Drone Used for 3D Measurement of Forestland (1)
For efficient development of mega solar plant
In the summer of 2017, 3D laser measurement using a drone (unmanned compact aircraft) was undertaken in a forest in Kanagawa Prefecture, Japan (Fig. 1).
The forest is a candidate site for the development of a mega (large-scale) solar power plant by Nippon Comsys Corp. The measurement was done to understand the shape of the ground hidden by trees to evaluate the feasibility of the project.
Conventionally, forests were measured manually. To create drawings, surveyors walked to every corner of the area to be measured carrying surveying instruments.
Exhaustive efforts are required if this method is applied to forests. Surveyors have to carry out measurements walking through trees and grass and climbing up and down slopes on land with very few trails. The operation takes time and effort and has safety issues including possible encounters with bees, snakes or bears.
In case a clear view cannot be achieved due to trees, they have to be cut down, requiring more time and cost. Measurement is one of the elements that lowers the feasibility of solar power plant development on forest land.
For efficiency improvement, aerial images were used in some cases instead of measuring by walking around. Even if this method is incorporated, however, a certain number of trees have to be cut down to estimate the distance from treetops to the land surface if the surface is densely covered with trees and cannot be seen. Furthermore, errors caused by the actual land surface occurred frequently, which was a problem.
If the errors are significant, the equipment cannot be installed according to the plans in the construction stage, resulting in a delay in the construction period and additional cost due to remeasurement and further land reclamation. If the quantity of solar panels installed has to be reduced following a change to the plans, the estimated income from the power sale will also be affected.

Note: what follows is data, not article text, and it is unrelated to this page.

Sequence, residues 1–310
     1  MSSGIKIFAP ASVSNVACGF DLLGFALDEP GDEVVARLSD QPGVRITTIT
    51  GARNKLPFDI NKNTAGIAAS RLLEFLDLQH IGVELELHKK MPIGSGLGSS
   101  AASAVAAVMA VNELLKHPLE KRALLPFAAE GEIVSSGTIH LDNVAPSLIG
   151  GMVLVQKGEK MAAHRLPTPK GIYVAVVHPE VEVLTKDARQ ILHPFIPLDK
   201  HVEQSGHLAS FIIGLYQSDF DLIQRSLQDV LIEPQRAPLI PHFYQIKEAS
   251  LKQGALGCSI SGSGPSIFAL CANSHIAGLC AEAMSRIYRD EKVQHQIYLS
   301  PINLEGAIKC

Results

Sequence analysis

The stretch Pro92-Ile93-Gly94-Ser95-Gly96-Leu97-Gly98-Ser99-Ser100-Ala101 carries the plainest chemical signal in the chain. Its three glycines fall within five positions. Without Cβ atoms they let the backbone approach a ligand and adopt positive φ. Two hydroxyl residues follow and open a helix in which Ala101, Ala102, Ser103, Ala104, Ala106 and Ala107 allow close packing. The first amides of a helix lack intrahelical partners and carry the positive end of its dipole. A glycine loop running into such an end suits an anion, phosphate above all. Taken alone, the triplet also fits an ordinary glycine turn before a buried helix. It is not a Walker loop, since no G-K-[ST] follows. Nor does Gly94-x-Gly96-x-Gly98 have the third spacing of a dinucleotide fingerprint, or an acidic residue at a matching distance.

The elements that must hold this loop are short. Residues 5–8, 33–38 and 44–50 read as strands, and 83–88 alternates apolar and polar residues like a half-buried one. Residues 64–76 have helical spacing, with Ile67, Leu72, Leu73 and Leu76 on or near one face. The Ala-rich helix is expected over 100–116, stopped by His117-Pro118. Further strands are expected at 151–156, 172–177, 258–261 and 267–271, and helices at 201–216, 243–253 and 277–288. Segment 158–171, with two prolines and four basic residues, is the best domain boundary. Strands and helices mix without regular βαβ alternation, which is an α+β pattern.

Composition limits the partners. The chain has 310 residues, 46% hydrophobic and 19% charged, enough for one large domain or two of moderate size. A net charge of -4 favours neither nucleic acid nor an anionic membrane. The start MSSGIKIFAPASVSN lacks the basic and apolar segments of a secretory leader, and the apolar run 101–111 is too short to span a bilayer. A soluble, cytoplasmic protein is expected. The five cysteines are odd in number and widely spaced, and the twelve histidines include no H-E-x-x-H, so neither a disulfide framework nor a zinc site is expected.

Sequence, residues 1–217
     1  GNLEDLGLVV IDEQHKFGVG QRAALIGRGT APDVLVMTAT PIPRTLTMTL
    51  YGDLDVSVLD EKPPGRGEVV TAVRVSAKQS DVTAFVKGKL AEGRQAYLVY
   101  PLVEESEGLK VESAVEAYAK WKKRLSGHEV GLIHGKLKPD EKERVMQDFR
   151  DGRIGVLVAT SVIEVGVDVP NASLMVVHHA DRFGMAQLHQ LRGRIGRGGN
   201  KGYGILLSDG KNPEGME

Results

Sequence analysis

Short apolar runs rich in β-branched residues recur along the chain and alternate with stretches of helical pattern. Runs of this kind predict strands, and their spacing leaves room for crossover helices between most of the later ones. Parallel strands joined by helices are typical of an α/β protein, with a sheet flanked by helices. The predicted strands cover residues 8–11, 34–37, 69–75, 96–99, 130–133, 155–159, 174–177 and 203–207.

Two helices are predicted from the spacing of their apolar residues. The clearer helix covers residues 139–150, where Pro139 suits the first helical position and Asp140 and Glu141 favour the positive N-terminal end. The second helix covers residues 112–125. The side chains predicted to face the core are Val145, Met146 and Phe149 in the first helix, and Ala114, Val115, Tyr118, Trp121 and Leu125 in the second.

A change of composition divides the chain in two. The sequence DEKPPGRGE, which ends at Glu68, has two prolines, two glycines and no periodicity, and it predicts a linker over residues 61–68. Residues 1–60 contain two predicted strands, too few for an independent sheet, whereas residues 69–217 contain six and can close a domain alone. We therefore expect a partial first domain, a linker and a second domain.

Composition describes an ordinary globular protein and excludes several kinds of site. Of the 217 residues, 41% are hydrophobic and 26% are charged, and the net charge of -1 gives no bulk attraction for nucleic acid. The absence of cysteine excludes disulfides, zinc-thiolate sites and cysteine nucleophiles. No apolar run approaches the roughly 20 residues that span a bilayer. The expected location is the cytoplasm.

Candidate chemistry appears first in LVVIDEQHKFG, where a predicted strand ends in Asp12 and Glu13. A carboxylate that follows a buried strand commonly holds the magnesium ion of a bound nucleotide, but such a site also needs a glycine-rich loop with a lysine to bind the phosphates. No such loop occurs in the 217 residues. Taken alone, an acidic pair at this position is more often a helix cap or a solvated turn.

The 3D measurement using a drone, which Nippon Comsys utilized this time, eliminates these problems and can improve both the efficiency and accuracy of measurement. The measuring technology was provided by Terra Drone Corp based in Shibuya-ku, Tokyo.
An area of about 600m by 300m covering approximately 13ha of land area was measured. About 250 million survey points were measured by four drone and surveying engineers in two days.
If such area is measured by a conventional method, it will take about two months, according to the company. The operations up to presenting the measurement results in 3D land shape data were completed in about two weeks (Fig. 2).
An example of 3D laser measurement of a solar power plant candidate site in a forest in Kanagawa Prefecture. The top picture is an aerial image shot from above and the bottom picture shows an aerial image shot from the south (source: Terra Drone).
According to Terra Drone, the presence of multiple places that are comparatively flat and look like a terraced field was confirmed in the area halfway up the forest by the 3D measurement. It is estimated that the land development cost will be minimized if the area is used effectively in implementing the project.
The plan for a solar power plant in the area that was measured this time is in the initial stage of development, according to Nippon Comsys. The company will consider implementation of the plan in the future, using the data obtained by 3D measurement. The company says it is possible that the same method will be incorporated in the future in sites that are difficult to measure.